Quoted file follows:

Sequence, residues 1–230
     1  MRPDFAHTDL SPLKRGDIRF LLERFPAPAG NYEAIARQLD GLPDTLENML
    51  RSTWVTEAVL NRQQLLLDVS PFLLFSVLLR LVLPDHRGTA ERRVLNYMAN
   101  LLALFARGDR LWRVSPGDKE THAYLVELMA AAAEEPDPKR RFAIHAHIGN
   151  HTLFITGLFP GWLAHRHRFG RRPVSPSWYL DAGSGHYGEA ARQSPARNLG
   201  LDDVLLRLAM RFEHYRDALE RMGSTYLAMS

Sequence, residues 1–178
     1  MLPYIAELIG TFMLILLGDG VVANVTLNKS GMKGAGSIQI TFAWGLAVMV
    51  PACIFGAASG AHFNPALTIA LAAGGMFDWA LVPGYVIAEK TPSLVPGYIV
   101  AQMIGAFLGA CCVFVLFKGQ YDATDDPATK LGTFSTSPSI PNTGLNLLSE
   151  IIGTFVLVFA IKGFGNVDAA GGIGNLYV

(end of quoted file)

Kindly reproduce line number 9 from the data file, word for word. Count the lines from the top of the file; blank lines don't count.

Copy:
    51  PACIFGAASG AHFNPALTIA LAAGGMFDWA LVPGYVIAEK TPSLVPGYIV